Volunteering is any activity or service that involves spending time, unpaid, doing something that benefits someone else, the local community or the environment.
In addition, words and phrases like &quot;altruism&quot; or &quot;doing good&quot; come to mind.
Here are some examples of people &quot;doing good:&quot;
What sort of volunteering or “good” can we do?
There are different types of volunteering available, too many to list them all here. Some popular areas of voluntary work are:
With / in charity organizations.
With senior citizens, supporting older people.
Tutoring in schools.
Working on health projects and in hospitals
Food banks - The homeless.
What sort of volunteering or “good” can we do?
There are different types of volunteering available, too many to list them all here. Some of popular areas of voluntary work are:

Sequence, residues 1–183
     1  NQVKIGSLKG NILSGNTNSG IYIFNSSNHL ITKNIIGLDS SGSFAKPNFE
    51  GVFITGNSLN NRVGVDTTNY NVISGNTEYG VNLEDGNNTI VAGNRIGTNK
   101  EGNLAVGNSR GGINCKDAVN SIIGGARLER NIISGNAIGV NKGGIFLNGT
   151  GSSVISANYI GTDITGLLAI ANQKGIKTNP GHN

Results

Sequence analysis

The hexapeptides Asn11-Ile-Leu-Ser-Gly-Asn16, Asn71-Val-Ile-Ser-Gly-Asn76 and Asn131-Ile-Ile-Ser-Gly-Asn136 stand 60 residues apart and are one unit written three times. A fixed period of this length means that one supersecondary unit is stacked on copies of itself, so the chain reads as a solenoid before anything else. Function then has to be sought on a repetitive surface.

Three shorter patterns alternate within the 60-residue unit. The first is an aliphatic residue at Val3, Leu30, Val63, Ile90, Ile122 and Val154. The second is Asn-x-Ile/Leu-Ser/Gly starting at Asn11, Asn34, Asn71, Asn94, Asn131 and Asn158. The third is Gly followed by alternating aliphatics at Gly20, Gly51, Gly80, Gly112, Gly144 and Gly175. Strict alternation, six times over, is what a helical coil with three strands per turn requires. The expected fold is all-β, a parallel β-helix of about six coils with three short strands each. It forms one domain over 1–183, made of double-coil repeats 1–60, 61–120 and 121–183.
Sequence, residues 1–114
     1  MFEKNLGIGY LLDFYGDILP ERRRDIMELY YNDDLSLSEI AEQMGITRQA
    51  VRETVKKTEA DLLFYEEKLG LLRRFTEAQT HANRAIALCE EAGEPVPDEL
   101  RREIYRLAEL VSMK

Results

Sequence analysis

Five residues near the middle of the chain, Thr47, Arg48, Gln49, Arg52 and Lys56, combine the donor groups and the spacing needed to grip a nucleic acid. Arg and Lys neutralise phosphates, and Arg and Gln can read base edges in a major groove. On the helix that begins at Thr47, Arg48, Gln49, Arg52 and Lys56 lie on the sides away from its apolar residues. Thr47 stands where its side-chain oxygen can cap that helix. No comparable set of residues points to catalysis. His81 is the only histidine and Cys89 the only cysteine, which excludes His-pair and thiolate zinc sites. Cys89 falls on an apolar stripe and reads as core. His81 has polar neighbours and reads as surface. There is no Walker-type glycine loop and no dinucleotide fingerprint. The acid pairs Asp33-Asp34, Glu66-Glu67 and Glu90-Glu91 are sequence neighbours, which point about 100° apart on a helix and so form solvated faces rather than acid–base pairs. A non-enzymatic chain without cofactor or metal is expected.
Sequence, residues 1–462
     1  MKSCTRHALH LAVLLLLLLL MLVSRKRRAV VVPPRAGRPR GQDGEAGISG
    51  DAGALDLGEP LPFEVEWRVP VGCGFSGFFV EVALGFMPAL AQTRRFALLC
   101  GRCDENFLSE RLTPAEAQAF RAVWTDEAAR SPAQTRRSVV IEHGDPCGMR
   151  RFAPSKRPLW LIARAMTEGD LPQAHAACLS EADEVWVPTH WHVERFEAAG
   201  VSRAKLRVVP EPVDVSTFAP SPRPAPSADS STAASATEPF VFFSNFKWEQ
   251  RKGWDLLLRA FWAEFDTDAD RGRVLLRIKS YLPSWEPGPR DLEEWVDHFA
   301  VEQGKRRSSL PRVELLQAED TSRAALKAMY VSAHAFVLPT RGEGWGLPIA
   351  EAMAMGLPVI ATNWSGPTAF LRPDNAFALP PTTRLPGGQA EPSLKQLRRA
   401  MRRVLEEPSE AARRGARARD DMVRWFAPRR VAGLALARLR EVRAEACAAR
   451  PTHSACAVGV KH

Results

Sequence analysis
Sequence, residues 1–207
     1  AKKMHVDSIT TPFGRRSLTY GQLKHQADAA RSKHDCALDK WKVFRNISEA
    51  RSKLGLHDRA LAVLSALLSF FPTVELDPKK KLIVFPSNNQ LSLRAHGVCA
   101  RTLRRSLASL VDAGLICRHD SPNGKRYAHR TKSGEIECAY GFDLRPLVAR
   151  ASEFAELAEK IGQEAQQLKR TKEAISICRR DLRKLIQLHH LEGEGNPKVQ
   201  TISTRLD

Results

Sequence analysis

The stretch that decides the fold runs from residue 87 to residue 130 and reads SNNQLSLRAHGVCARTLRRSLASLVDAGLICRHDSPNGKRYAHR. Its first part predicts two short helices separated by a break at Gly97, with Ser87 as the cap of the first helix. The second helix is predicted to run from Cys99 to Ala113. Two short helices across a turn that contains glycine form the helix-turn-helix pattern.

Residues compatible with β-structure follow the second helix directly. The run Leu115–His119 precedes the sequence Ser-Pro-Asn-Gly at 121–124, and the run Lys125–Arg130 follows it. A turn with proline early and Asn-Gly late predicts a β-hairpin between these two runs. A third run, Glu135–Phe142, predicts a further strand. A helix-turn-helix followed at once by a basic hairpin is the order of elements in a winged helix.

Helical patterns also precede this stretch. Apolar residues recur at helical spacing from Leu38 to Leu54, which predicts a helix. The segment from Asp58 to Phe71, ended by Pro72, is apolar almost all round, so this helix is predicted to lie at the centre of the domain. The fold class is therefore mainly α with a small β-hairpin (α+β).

Counselling - giving advice, information and doing support work or counselling
Befriending and mentor teens/young adults.
Working with children, young people and families.
Working in animal shelters.
On political campaigns and publicity.
Sports – coaching.
Here are some examples of people &quot;doing good:“
Scene #1: Elizabeth, 75 years old, spends four hours a day, three days a week, at a local food bank, helping to answer phones and file paperwork in the main office.
Scene #2: Jack, a 15 year old, goes skateboarding on a Saturday only to find that the neighborhood skatepark is a wreck. He could wait for grounds crews to clean it up but instead texts some friends who show up with their boards and some garbage bags.
Scene #3: Sarah is a 43 year old lawyer who spends her days (and most evenings) as a partner at a high profile corporate law firm. One of her family&apos;s favorite weekend activities is gardening so they occasionally spend a Saturday afternoon at a community garden that provides fresh fruits and vegetables to local schools.
Scene #4: Jorge is a 62 year old retired accountant. In addition to travel and other personal pursuits, he gives professional advice on the financial plans of a handful of nonprofit organizations. This is mostly done by email so he&apos;s found that he can get feedback to them whether he is at home or around the globe.